Italian politicians took out a full-page advertisement in one of Germany's most prestigious newspapers on Tuesday, urging parsimonious northern Europe to do more to help the south through the coronavirus crisis amid an increasingly bitter rift within the EU.
MPs and mayors from across the Italian political spectrum implored Germany for help and lashed out at the Netherlands in the pages of Frankfurter Allgemeine Zeitung, Germany's leading conservative daily.
They urged Berlin to drop its opposition to a proposed EU scheme to issue so-called "coronabonds" to raise funds to fight the crisis.
And they accused the Netherlands, which has led opposition to the scheme, of operating as a tax haven and diverting revenue from other member states.
"Dear German friends, with the coronavirus the shared history of the Western world has once again taken centre stage," they wrote. "Today the EU does not have the means to respond to the crisis in a united front. If it does not prove that it exists, it will cease to exist."
Several EU members – led by France, Italy, Spain and Belgium – have called for EU-wide "coronabonds" to help poorer member states borrow as they struggle with the economic impact of the crisis.
But a rival faction of northern members, led by the Netherlands, Finland, Austria and Germany, has opposed what it sees as an attempt to saddle the countries with the debts of their more feckless neighbours.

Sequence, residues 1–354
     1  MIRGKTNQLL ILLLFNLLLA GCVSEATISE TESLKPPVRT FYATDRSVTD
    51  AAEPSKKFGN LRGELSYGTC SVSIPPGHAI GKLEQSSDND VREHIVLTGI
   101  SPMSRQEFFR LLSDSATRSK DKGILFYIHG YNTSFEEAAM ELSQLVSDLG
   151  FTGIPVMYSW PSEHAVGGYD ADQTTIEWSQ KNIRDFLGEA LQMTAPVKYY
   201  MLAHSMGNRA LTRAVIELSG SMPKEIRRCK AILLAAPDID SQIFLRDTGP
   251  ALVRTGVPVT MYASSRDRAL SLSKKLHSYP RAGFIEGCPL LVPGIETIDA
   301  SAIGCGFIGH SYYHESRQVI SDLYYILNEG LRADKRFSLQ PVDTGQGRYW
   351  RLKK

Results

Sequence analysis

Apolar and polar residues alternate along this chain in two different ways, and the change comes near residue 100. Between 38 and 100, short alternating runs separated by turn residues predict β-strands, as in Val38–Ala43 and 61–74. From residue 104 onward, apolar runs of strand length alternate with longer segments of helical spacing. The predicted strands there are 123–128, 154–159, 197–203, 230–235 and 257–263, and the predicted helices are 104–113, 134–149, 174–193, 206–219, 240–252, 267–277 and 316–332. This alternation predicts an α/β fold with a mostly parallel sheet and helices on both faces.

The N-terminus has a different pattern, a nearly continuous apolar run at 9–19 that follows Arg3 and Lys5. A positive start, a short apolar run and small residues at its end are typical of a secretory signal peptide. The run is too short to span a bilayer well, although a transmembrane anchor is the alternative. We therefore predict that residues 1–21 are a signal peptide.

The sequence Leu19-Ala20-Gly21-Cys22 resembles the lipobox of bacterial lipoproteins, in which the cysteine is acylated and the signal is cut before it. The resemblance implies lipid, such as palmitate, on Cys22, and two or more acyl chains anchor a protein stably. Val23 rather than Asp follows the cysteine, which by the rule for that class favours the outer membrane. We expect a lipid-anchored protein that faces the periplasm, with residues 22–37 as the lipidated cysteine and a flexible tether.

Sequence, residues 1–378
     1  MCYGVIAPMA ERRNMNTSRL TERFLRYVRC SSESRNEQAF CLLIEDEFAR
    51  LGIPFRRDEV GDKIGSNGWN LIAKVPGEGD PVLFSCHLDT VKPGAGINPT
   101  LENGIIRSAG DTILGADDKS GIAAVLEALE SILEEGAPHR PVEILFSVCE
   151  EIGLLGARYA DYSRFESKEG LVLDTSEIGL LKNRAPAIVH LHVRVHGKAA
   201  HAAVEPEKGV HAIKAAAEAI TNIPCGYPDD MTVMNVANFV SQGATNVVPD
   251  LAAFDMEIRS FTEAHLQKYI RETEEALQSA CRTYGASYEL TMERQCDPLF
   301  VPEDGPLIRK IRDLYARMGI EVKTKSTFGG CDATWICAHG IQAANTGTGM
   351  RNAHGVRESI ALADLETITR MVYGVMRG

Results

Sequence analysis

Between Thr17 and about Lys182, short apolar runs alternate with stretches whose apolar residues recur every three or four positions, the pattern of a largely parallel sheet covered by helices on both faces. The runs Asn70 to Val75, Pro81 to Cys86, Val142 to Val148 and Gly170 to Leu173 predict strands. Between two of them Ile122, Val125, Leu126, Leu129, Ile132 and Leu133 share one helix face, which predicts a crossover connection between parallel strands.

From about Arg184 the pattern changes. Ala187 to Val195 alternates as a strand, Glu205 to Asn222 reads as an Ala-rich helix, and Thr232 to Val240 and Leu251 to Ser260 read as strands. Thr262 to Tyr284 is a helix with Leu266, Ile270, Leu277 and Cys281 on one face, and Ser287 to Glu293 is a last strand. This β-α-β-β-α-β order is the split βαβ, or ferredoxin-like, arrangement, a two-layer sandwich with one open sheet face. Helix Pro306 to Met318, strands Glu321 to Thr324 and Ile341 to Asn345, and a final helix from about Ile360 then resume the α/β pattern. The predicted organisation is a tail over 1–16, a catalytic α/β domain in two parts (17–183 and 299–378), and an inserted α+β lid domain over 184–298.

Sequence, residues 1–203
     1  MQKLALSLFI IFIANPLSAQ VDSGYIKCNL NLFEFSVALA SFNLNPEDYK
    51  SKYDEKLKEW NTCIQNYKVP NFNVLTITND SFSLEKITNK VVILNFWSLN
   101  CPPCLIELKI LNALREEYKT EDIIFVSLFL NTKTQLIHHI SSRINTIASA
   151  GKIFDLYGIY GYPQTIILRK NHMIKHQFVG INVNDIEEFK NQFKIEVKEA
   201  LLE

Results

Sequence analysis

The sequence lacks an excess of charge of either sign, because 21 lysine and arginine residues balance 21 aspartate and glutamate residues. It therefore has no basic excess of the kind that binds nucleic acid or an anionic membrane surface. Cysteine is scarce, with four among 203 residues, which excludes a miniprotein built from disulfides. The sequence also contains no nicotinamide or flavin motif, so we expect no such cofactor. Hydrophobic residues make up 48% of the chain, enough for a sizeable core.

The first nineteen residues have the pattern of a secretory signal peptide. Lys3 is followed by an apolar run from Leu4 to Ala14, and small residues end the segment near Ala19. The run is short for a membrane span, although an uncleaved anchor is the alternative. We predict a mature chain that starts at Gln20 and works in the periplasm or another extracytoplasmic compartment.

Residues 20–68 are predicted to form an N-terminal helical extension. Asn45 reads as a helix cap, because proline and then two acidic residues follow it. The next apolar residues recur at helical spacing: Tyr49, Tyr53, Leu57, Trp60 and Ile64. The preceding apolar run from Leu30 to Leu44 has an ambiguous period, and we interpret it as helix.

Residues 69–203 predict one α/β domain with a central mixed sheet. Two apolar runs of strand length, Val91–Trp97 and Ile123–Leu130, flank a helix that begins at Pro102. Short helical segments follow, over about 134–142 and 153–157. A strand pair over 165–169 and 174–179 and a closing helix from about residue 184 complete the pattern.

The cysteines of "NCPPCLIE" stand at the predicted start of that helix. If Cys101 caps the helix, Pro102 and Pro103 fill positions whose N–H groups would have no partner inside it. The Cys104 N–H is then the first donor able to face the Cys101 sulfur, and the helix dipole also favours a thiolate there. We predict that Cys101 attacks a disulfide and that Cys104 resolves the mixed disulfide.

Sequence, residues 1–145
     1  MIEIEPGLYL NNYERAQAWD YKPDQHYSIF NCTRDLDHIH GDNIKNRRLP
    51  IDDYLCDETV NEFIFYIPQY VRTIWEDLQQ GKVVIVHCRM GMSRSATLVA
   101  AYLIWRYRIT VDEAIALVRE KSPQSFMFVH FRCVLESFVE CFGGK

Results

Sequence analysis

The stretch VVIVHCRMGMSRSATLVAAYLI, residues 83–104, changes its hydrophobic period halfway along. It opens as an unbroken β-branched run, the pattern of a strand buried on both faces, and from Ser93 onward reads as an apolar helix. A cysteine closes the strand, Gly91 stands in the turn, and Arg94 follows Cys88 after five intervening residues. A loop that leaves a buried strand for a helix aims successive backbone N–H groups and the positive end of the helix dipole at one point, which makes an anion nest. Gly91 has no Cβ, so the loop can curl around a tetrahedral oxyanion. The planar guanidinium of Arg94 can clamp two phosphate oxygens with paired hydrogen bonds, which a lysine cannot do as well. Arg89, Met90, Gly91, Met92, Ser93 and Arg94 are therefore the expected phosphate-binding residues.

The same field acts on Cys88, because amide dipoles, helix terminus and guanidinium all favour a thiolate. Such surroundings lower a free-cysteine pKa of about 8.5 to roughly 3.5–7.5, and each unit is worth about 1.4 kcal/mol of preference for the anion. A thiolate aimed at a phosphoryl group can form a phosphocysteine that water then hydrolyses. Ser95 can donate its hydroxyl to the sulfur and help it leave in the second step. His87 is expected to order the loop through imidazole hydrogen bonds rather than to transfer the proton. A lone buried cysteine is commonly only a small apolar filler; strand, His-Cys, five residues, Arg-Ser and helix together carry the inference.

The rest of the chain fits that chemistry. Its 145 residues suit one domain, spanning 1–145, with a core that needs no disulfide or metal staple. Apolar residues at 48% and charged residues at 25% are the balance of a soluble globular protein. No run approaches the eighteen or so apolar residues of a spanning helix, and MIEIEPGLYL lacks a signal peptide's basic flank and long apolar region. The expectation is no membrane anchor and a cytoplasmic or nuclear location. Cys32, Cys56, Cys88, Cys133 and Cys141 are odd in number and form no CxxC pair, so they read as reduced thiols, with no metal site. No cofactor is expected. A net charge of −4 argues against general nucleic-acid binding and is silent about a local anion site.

"Dear German friends, memory will help you to make the right decision," the advertisement said, comparing the current situation to the 1945 decision to halve Germany's postwar debts.
As resentment builds over perceived indifference from the north, a former Italian MP said northern countries would wake up to the catastrophic economic impact of the virus when coffins started building up in their mortuaries – as they have in Italy, where more than 12,400 people have died.
The warning was particularly pointed because Enrico Letta is one of Italy's leading Europhiles. Divisions between member states posed a "mortal danger" to the EU, he said.
"It pains me to say it, but the countries who are dragging their feet, such as Holland, Germany and Sweden, have not yet experienced corteges of coffins," he told Corriere della Sera newspaper. "Northern European governments need to get moving. When you're on the Titanic, there's no such thing as third class or first class – you.re all going down together."
That message was echoed by Spain's foreign minister, Arancha González Laya, who hit back at criticism from Dutch ministers who have questioned why southern European countries are asking for extra resources to cope with the crisis.
"If anyone thinks that there are different classes in Europe, they will soon realise their mistake because we are in the midst of a pandemic," Ms González Laya said.
Spain's prime minister also had strong words for those within the EU who oppose the idea of "coronabonds". "Europe is on the line. It cannot fail on this because even the most pro-European countries and governments like Spain need proof of a real commitment. It's Europe's move," Pedro Sánchez said.
Spain recorded its biggest daily death toll – 849 – which brought its total number of fatalities to more than 8,000. The number of new cases increased by more than 9,000, the most in a single day, to bring total confirmed infections in the country to nearly 95,000.